Everyone knows that fertility changes with age. Yet all too often, the information surrounding this topic is mishandled, to the point that many couples experience confusion and anxiety when thinking about this matter. If this describes you, take a deep breath – and take a few moments to explore the facts behind age related infertility in women.

Fertility As We Age: A Timeline Of Aging’s Infertility Factors

It’s well documented that a woman’s fertility peaks in her 20s. It’s in her 30s – especially after the age of 35 – that her age may begin to affect her fertility. According to The American Society for Reproductive Medicine, a healthy, fertile 30-year-old woman has a 20% chance of getting pregnant each month. And by the time she turns 40, chances are less than 5% each month.

Age-related fertility issues occur for a number of reasons. One reason has to do with ovulation. As she ages, a woman will begin to experience shorter and more infrequent periods – a sign that she is not ovulating on a regular basis any longer. And without ovulation, a woman has no chance of getting pregnant each month. Eventually, a woman’s periods will stop altogether – and after she does not bleed for one full a year, a woman is said to be in menopause.

It’s commonly understood that women who are experiencing menopause cannot get pregnant. In reality, however, women might stop being fertile 5 to 10 years before they even begin menopause. With the average woman experiencing menopause at the age of 51, it’s a good bet that most women – might be unable to successfully get pregnant sometime in their late-40s.

Not only do women experience difficulties ovulating over time – the eggs released during ovulation begin to decline in quality as well. This decline occurs for a couple of different reasons:

  • A natural degenerative process known as atresia affects all women, whether they are pregnant, they are using birth control, they have normal monthly cycles, or they are already undergoing fertility treatments.
  • In addition to dealing with atresia, older women’s eggs are more likely to suffer from aneuploidy – meaning that the eggs in a woman’s ovaries are likely to have too many or too few chromosomes. Chromosomal irregularities are also a natural occurrence that affect all women as they age. They might result in conditions such as Down syndrome – or even cause a woman to miscarry.

 

What You Can Do To Address And Manage Age Related Infertility

Unfortunately, more and more women today are having trouble getting pregnant due to age-related fertility issues. It’s not uncommon for the modern woman to wait until her 30s to begin trying to build a family – at which point her fertility may be declining for age-related reasons.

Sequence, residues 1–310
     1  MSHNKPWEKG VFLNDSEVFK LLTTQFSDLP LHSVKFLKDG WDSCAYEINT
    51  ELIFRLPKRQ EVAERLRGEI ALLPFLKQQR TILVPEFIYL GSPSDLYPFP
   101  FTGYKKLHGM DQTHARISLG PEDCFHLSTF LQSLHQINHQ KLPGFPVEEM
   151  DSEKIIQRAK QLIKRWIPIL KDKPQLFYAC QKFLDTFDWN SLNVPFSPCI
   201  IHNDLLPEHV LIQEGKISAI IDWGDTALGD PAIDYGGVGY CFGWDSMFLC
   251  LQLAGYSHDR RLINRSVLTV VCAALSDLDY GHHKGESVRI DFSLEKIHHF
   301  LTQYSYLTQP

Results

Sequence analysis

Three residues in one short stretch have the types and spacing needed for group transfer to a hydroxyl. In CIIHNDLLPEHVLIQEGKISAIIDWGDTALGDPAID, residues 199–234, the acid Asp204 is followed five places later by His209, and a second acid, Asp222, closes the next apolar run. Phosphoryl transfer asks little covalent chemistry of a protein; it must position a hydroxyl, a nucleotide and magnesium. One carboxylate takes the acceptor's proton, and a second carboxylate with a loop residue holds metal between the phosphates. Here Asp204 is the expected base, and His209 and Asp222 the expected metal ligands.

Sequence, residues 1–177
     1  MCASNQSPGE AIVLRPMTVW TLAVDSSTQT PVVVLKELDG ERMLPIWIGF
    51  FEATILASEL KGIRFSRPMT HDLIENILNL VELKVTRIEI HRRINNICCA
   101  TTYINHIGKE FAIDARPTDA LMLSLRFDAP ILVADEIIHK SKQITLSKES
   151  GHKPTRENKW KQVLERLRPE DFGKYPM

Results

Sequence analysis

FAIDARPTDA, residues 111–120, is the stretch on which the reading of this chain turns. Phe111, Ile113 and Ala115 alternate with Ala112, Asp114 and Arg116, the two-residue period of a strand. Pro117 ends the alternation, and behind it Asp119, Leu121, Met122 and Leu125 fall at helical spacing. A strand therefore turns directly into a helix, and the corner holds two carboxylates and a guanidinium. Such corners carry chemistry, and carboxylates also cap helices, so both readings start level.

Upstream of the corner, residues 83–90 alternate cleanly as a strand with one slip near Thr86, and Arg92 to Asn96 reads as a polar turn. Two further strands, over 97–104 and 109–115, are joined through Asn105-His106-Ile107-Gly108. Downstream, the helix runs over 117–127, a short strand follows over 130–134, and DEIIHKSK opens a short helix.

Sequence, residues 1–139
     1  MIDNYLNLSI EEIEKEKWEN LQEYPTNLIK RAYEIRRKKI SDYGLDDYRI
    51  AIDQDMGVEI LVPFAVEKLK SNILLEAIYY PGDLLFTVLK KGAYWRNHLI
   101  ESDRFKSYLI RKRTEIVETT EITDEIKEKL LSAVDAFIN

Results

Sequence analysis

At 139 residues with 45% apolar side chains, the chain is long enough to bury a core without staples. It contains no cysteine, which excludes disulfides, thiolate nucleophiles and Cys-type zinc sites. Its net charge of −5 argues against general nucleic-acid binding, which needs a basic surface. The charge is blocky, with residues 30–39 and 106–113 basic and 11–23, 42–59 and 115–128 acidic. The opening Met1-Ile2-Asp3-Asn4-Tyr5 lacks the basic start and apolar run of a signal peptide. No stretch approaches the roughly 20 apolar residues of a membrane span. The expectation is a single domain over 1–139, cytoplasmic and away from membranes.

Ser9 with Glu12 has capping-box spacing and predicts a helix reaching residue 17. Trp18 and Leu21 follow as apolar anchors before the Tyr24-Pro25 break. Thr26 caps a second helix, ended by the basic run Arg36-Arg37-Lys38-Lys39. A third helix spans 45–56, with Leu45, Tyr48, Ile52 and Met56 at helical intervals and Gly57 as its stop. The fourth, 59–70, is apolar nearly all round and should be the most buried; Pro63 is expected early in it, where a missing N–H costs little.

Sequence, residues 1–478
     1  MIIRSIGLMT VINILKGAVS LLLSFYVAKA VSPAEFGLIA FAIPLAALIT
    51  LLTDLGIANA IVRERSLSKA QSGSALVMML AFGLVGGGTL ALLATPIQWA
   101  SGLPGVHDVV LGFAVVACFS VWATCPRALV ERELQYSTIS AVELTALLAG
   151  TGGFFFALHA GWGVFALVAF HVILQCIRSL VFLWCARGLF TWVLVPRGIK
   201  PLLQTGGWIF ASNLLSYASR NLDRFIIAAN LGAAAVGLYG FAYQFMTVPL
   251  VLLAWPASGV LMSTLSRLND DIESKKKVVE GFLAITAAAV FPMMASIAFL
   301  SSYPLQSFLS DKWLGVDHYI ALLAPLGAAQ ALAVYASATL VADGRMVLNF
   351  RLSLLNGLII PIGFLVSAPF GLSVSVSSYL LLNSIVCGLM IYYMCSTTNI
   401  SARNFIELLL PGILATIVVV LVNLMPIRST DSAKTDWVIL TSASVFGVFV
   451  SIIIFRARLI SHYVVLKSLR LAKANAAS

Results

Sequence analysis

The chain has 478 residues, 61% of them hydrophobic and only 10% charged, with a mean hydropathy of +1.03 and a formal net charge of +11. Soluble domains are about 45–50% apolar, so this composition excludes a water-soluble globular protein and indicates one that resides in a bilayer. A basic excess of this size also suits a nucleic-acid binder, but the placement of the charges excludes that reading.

So what’s a girl to do? We recommend using the following tips and strategies to increase your chances of pregnancy if you’re afraid that you’ll be facing age-related fertility issues someday:

  • Don’t smoke. Experts report that women who smoke tend to experience menopause about a year earlier than non-smokers. Ditching the habit may help boost your natural fertility for a little longer.
  • Don’t fret too early. All too often, women in their 20s find themselves fretting about their fertility – long before age-related fertility issues typically begin to manifest! Worrying about this issue will do nothing good, and could even cause stress related health issues.
  • Don’t wait too long to take action. While you don’t need to fret during your 20s, you also don’t need to do nothing, especially as you near your 30s. Thanks to 21st century medicine, many women are able to successfully freeze and preserve healthy eggs during their “fertile” years for later use. You can also undergo an AMH test to track your eggs’ health and put your mind at ease, if you’re really stressed about when your biological clock may wind down.
  • Work with your doctor regularly if you want to have a family. Regular doctor’s visits – even during your 20s – are extremely important for women who want to start families. By staying on top of her health, a woman can ensure that issues that could affect her fertility – such as STDs or STIs, high blood pressure, diabetes or other similar chronic conditions – are addressed sooner rather than later.
  • Don’t wait (too long) to visit a fertility expert once you’re trying to conceive. Women over the age of 35 should visit a fertility expert after 6 months of trying unsuccessfully to conceive, and women who are younger should speak with an expert after one year of trying. A fertility expert will be able to order or carry out the physical exams, blood tests, and so forth that are necessary to diagnose your overall reproductive health. And once testing is complete, your doctor will also be able to prescribe an appropriate treatment – as well as suggest any lifestyle changes – that could help you overcome any fertility issues you are dealing with.

While age-related fertility issues cannot be avoided, they also don’t need to be a source of panic or anxiety for hopeful future mothers. By understanding the timeline of age-related infertility, younger women can take steps to help prepare to address or avoid this issue – and women over the age of 35 can seek out the testing and treatment they may need. Ultimately, by learning about this issue and the options available to address it, women and their partners can realistically prepare to address it, and will be equipped to make the best decisions they can.